Services trade costs in the United States: A simulation based on the OECD Services Trade Restrictiveness Index

While services account for almost 80% of GDP in the United States and a growing share of global trade, regulatory barriers to services trade around the world are still high. Using a hypothetical liberalisation scenario, this paper assesses the potential reduction of trade costs that could be achieved in 17 US services sectors. The analysis relies on the OECD Services Trade Restrictiveness Index (STRI) which records barriers to services trade in 46 economies. The illustrative scenario assumes a 50% reduction in the gap between the current STRI score of the United States and the score of the least restrictive country in each sector. The results highlight the economic benefits of aligning US services regulation with global best practice. The average reduction in trade costs across the 17 sectors analysed would amount to 9.7 percentage points, with a quarter of the sectors experiencing reductions larger than 14.1 percentage points and another quarter experiencing reductions smaller than 5.3 percentage points.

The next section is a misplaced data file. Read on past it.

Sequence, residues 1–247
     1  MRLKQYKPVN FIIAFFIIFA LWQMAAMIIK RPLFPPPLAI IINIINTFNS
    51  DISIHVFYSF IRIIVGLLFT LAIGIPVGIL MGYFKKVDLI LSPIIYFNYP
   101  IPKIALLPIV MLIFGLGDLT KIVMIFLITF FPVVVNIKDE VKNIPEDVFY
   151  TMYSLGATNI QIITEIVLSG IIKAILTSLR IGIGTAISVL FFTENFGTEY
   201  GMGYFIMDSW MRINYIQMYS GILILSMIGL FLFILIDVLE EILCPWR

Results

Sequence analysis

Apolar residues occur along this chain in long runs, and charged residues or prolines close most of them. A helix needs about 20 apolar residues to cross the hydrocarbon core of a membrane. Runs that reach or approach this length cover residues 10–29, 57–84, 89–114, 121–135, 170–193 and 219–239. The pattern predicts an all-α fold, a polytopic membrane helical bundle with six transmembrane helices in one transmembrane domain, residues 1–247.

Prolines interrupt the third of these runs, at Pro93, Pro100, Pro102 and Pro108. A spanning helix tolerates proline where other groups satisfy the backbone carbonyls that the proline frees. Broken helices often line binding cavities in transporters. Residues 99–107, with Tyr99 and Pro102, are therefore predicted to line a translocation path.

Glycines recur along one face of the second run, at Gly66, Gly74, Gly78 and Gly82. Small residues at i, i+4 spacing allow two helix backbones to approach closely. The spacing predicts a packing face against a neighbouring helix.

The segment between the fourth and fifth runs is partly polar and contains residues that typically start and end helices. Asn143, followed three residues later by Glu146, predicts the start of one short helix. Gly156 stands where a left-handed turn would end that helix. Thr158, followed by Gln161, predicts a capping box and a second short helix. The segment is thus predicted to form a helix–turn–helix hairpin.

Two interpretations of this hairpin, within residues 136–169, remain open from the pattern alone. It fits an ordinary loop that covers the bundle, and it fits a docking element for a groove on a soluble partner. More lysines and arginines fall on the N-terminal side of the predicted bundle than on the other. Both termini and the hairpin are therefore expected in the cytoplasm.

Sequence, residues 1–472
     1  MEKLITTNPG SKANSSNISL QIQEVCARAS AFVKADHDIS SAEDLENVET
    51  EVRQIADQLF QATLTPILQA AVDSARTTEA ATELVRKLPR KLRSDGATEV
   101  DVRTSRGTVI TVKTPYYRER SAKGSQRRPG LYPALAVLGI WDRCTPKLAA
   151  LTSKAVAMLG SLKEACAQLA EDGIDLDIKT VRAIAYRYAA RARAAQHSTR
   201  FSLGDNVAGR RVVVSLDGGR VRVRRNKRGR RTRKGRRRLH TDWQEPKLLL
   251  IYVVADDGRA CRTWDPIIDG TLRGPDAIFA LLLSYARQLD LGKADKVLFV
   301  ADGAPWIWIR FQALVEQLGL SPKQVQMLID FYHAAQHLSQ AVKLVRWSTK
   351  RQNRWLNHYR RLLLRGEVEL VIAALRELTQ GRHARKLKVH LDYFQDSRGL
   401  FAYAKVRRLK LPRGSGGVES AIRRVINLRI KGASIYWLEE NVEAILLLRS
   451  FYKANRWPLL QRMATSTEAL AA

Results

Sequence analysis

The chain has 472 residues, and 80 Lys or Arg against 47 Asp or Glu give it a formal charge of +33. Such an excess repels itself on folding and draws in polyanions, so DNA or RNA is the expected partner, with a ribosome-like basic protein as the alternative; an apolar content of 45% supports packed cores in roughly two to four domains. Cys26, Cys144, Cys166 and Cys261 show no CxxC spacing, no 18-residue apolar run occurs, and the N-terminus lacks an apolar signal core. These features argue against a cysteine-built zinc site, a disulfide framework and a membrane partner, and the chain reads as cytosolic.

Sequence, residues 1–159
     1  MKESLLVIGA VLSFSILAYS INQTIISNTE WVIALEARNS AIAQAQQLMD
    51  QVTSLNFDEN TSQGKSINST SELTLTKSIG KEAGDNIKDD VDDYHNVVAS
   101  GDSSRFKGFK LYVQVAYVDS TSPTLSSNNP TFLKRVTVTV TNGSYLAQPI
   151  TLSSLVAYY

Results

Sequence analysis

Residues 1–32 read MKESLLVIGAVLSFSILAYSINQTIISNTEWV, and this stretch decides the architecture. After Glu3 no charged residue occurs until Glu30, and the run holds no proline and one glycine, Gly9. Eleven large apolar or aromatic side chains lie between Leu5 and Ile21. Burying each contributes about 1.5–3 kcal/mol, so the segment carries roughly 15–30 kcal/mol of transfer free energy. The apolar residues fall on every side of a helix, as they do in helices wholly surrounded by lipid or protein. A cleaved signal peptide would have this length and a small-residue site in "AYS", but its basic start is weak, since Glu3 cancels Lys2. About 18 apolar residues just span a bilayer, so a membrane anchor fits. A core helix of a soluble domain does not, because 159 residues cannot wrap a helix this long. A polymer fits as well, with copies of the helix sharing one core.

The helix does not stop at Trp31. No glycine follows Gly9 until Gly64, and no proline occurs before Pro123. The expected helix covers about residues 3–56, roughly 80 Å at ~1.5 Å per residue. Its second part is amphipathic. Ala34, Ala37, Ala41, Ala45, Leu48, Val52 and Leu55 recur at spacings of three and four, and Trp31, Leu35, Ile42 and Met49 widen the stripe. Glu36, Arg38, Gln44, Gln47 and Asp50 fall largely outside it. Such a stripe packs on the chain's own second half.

Published on September 14, 2020

In series:OECD Economics Department Working Papersview more titles